Sonic Colors Ultimate still feels like it belongs on the Wii – Hands-on Impressions

Even if you haven’t played the original game, you know what you have here.

Screenshot by Gamepur

Sonic Colors was originally released on the Nintendo Wii and, at the time, was a bright spot in a string of disappointing Sonic the Hedgehog games. It was much more enjoyable than the Sonic Storybook games. Additionally, Colors introduced the Wisps to the series, an alien race that have been brought back multiple times since.

With Sonic Colors being a Wii exclusive, it is easy to see why Sega would want to bring it back with a 4K/60 FPS remaster on PC, PlayStation, and Xbox and a general HD remaster on Nintendo Switch. With that, we have Sonic Colors Ultimate.

It may not say it on the box, but this is still a Wii game

So far, I have found Sonic Colors Ultimate to be a good time overall. I never played the original version, so I’ve enjoyed running through Eggman’s amusement park for the first time. That being said, movement in the game feels stiff. Between jumping and changing directions, it’s not very fluid, having been orginally designed for a Wiimote. Granted, to take care of this issue, the game would need to be fully remade, which is very much not the case here.

Performance for the game has been improved, but it’s not perfect. I’ve been playing on Xbox Series X and have noticed significant frames dropping randomly in the middle of gameplay. The dips are not consistent and they are not anywhere near as bad as Sonic 06 or Sonic Boom: Rise of Lyric, but if I’m getting these frame drops on Series X, I can only imagine how the Switch port works.

While the visuals of gameplay are better than before, the cutscenes have not been touched at all. It’s a stark difference going from 4K gameplay into these low resolution scenes because everything looks so much worse. Obviously, not a deal-breaker on whether or not you should buy Colors Ultimate, but the difference is very noticeable.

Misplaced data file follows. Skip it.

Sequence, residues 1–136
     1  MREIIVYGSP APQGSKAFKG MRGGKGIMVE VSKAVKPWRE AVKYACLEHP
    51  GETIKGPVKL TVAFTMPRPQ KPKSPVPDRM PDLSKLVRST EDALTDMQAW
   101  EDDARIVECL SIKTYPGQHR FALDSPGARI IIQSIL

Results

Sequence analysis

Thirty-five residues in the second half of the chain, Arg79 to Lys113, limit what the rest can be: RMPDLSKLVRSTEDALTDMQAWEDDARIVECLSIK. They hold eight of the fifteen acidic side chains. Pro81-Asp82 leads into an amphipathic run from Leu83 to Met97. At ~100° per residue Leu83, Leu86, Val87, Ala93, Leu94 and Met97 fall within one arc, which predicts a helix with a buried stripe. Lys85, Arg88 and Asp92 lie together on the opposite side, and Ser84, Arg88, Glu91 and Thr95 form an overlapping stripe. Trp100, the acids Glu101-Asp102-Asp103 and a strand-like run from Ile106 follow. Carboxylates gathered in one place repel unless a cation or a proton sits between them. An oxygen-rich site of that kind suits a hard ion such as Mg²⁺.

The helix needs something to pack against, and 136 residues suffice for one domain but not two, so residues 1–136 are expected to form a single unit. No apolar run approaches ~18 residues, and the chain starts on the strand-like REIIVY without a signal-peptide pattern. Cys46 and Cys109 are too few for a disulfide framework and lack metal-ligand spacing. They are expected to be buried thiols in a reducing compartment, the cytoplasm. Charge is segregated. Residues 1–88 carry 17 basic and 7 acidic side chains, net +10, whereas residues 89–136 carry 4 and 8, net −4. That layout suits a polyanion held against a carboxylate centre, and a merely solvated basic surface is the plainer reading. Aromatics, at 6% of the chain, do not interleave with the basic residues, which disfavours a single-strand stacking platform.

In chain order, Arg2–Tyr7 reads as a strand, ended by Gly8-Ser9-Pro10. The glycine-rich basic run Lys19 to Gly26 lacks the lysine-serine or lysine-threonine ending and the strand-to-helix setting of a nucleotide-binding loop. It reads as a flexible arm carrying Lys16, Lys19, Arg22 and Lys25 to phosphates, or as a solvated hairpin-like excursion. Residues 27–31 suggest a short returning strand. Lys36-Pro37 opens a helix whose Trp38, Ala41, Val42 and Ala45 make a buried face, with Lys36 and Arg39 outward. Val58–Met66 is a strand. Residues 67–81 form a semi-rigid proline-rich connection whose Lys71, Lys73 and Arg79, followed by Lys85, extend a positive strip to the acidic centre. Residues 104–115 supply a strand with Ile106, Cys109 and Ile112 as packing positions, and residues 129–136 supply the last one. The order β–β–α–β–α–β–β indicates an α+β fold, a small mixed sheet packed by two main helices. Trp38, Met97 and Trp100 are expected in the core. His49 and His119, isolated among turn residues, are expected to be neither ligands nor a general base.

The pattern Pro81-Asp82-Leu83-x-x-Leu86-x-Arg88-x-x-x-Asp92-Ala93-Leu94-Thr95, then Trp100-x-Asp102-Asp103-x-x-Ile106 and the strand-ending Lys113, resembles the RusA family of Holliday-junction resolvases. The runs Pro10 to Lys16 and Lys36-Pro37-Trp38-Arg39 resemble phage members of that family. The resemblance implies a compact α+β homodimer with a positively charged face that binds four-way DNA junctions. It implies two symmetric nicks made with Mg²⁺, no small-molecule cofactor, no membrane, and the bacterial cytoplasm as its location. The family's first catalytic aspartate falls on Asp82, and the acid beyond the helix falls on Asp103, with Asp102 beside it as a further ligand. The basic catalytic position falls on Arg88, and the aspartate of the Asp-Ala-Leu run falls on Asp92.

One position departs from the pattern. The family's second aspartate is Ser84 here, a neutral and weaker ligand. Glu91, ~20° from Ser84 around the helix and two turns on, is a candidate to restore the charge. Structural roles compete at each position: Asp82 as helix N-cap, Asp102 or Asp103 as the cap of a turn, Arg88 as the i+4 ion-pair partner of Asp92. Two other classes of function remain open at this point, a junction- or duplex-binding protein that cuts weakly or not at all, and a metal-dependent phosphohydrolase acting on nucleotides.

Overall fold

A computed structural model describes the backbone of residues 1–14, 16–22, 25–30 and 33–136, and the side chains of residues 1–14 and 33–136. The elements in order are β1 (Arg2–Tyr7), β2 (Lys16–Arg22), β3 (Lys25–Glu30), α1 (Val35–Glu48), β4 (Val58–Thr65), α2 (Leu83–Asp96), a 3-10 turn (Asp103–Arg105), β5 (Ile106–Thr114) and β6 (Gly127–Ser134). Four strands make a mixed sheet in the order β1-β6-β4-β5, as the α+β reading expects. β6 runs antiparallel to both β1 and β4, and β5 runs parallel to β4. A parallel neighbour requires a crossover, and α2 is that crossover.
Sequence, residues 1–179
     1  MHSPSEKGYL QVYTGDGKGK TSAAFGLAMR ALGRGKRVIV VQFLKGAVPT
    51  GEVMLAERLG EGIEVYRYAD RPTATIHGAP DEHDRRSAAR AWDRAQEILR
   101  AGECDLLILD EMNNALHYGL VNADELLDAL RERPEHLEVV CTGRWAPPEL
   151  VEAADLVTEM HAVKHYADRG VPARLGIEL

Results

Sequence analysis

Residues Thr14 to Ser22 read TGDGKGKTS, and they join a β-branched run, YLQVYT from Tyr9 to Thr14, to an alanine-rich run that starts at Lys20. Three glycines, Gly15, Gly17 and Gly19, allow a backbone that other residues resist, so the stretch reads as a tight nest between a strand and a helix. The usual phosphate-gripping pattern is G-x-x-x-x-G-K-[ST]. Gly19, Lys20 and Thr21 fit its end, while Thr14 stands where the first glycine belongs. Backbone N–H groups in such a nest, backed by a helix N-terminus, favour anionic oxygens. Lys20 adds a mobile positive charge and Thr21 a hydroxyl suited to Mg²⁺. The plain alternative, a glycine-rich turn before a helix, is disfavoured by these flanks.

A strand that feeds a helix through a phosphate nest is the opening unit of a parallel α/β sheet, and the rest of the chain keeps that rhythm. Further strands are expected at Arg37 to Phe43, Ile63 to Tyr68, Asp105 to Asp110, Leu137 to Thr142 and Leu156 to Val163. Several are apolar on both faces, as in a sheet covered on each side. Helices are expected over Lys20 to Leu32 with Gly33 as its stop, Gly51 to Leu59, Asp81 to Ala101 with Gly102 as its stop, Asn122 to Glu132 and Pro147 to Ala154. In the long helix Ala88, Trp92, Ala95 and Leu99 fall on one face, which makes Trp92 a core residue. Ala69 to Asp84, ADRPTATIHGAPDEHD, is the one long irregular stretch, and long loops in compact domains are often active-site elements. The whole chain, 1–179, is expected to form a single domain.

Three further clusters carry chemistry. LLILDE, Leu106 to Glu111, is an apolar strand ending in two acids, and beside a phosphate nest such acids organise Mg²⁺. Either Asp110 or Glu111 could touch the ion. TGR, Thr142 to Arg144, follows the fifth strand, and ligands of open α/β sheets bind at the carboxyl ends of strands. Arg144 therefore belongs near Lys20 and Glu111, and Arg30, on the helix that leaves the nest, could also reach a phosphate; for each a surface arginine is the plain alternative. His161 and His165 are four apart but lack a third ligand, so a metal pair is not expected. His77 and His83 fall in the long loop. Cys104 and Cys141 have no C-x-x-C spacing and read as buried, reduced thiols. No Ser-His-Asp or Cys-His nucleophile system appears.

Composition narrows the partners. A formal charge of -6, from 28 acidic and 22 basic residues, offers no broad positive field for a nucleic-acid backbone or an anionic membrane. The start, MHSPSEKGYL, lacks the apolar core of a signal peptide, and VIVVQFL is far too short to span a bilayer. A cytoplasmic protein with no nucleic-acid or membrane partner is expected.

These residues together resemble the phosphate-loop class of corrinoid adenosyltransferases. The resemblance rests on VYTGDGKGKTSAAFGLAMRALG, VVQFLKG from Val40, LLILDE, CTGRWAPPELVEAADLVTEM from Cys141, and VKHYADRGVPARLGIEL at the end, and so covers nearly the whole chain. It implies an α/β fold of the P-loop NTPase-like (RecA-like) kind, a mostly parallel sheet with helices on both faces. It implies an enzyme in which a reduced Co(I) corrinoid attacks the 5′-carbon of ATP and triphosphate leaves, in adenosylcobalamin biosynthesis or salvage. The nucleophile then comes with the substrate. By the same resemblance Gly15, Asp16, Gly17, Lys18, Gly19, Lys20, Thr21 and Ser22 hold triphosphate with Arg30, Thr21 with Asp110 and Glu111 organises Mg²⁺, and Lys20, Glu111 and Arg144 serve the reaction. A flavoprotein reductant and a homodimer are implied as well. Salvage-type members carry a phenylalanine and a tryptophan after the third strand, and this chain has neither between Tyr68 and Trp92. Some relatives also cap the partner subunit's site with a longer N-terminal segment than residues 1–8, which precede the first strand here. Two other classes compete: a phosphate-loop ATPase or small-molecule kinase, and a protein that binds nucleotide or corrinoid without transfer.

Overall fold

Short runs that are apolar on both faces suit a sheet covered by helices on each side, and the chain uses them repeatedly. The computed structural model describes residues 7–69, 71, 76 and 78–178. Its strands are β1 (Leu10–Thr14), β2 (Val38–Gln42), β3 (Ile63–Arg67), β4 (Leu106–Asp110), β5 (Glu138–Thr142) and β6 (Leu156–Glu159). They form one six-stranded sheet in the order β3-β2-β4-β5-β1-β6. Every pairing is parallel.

Screenshot by Gamepur

You know what you’re getting

Outside of the visual improvements made, there is not much new content added to Sonic Colors Ultimate. Rival Rush is a race against Metal Sonic on six courses that doesn’t change anything gameplay-wise, and some levels have remixed music,but nothing stands out over what was already there.

If you have played any of the Sonic games that incorporate the boost formula, you know exactly what you are getting here, even if you never played Colors. You run down a path and press the boost button to go faster and take out enemies in your way. Occasionally, you will have 2D sections that involve the same process. Including this remaster and the side scrolling mobile games, seven Sonic games use the mechanic. At this point, it’s tired, and the series desperately needs a change that hopefully will come in 2022.

Sonic Colors Ultimate
Image via Sega

The thing that made this game stand out back when it was first released was the introduction of the Wisps, which are basically power-ups. Sonic runs into their capsule to free them and can use their power to get past a section whenever needed. Even using them for the first time, I feel like I’ve seen them so much because they continuously come back in later Sonic games, not adding much to the experience. Their novelty has worn off this many years later.

I would recommend buying Sonic Colors Ultimate if you missed it the first time around on Wii or if you are a Colors mega fan. So far, I don’t consider it nearly one of the best Sonic games in the series. However, looking at just the boost games, it probably sits below Generations for the best. If you played it before and thought it was just okay, you are likely to only come away with a more sour opinion this time around.